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Lamb wants to follow righteous path after prison

Hey there, time traveller!
This article was published 15/11/2013 (1343 days ago), so information in it may no longer be current.

HE'S a convicted killer, serial criminal offender and crack cocaine addict who has spent most of his adult life behind bars for acts committed to fuel his drug habit.

Despite this, Shawn Lamb insists he'll get parole at the earliest possible date and will set off on a righteous path free of drugs and crime.

But he has his work cut out for him if he's going to whip his life into shape, a Winnipeg psychologist concludes in an in-depth assessment on Lamb obtained by the Free Press Friday.

"I'm going to be out in a decade," Lamb told the Free Press in an exclusive interview from jail Friday, less than 24 hours after he was sentenced to 20 years for killing Carolyn Sinclair and Lorna Blacksmith.

"He sees himself not as a person who has abused drugs in the past, he identifies fundamentally as being a drug user. It is central to his understanding of who he is." Dr. Kent Somers on Shawn Lamb

"Oh yeah. I've got my release date marked down. I'll get out. I'm going to work to make myself a better person," he said.

Lamb, 54, will be able to request parole when he is 63, after serving nine years. Barring changes to federal parole legislation, he would also likely be eligible for statutory release after serving two-thirds of his time.

But he'll have to commit to fundamentally changing his behaviour if he's to avoid the cycle of severe substance abuse that's led him back to prison time and again -- this time for committing two brutal homicides while in crack cocaine-influenced rages.

That's the view of Dr. Kent Somers, who recently interviewed Lamb several times at Headingley Correctional Centre and put him through a battery of psychological tests in preparation for a report that was tabled at sentencing.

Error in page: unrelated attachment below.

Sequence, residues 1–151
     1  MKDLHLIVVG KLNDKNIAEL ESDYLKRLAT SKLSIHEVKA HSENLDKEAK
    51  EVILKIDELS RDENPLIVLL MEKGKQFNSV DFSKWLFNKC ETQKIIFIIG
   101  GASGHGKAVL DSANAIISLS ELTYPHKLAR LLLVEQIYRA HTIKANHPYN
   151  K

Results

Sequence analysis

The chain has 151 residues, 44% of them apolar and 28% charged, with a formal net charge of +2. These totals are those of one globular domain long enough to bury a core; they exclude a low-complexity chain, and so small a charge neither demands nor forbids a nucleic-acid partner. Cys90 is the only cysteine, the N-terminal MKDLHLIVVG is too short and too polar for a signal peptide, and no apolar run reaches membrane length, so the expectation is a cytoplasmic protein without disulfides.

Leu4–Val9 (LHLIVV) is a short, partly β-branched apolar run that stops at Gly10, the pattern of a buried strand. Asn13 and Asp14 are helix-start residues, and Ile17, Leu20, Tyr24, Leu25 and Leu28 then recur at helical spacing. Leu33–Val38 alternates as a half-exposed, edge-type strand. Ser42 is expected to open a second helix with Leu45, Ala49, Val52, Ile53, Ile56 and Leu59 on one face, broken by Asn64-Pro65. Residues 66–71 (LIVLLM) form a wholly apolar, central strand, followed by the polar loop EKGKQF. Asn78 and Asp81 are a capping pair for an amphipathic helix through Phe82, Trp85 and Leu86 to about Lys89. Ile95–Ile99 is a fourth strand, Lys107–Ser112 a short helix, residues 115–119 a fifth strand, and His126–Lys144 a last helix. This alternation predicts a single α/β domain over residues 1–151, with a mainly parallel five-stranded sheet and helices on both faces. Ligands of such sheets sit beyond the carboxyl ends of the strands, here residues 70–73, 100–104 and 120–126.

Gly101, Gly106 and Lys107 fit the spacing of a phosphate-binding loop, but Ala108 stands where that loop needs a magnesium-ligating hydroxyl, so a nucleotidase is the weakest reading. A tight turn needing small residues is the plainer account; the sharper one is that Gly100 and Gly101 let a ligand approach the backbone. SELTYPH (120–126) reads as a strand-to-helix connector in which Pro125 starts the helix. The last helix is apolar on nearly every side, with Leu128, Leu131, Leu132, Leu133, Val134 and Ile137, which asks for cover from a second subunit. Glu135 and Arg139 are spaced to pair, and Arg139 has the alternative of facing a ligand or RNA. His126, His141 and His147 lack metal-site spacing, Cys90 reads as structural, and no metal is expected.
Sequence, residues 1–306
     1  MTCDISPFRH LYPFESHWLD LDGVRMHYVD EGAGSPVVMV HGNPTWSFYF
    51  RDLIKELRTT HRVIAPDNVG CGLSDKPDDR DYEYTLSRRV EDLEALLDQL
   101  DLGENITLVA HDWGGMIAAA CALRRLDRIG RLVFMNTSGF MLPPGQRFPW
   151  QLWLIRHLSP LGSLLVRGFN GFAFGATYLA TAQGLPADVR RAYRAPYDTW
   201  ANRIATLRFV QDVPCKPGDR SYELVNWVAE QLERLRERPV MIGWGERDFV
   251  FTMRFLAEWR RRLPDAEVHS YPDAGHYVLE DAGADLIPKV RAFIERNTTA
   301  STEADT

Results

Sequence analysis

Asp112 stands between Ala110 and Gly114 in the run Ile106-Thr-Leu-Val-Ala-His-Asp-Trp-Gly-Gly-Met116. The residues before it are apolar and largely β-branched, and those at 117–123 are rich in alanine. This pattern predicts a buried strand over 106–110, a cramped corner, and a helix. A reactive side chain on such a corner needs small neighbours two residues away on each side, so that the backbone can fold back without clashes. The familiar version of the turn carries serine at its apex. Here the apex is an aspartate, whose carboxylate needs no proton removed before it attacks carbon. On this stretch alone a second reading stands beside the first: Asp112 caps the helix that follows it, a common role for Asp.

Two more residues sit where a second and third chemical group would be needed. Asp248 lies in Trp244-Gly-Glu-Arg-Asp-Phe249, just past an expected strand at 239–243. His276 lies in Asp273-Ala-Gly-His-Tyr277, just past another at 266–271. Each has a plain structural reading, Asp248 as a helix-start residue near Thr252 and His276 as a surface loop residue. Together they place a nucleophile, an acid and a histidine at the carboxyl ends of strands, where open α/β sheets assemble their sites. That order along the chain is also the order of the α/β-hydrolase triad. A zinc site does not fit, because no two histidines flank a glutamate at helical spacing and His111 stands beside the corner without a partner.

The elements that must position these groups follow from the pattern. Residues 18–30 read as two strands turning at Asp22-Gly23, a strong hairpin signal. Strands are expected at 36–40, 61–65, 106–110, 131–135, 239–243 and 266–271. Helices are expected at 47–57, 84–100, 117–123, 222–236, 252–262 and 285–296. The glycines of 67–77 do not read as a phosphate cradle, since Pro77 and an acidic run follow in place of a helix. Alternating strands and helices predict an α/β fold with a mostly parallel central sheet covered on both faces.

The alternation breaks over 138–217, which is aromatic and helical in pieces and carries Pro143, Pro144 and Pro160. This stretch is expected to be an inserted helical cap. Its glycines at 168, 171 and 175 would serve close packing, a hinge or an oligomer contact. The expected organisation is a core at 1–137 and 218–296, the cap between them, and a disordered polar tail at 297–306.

"His history of substance abuse has not only been chronic, but has been the template for his identity," Somers wrote. "He sees himself not as a person who has abused drugs in the past, he identifies fundamentally as being a drug user. It is central to his understanding of who he is," Somers wrote.

"Significant and lasting behaviour change, for which he expresses a desire, will be a function of long-term, diligent, intentional and strategic efforts to effect those changes," he wrote.

Lamb, who began seriously using street drugs at age 15 in Ontario, reached a point where his addiction and thirst to get his next fix made him "egocentric, callous, ruthless and reckless," the report said. No price was too great to obtain drugs or get the cash to buy them.

"He acknowledged having threatened or assaulted others so as to get their drugs, money or belongings," Somers wrote. Lamb then appeared to back off from the implications of this admission, the report states.

Lamb killed Sinclair and Blacksmith during arguments over drugs in his apartment on Notre Dame Avenue. They were killed in separate incidents weeks apart.

"He qualified his statement, that such violence only occurred during an intense binge of alcohol and drug use," Somers wrote.

"He denied that he habitually used violence in an instrumental manner and did not endorse violence as a valid means to an end."

Lamb expressed remorse to Somers over the killings, saying he had "acted rashly, ragefully and with excessive force."

But Lamb's guilt "accumulates" into shame and self-loathing and feeds his drug-abuse cycle, Somers said. "His abuse of substances precludes his remorse being translated into positive behaviour changes of any lasting nature," Somers wrote.

The doctor advocates careful "strategic planning" if Lamb is ever allowed out of prison. He'll also require health and mental-health supports, vocational training and a likely stint of residential treatment. "None of these are trivial tasks, but all are components in increasing the probability of being successful in maintaining a sober, crime-free and (hopefully) satisfying lifestyle in the future," Somers wrote.

Lamb told the doctor any gains he might make would be "hard won" and he'd be setting himself up to fail if he tried hoping for a "quick means of fixing his life," the report said.



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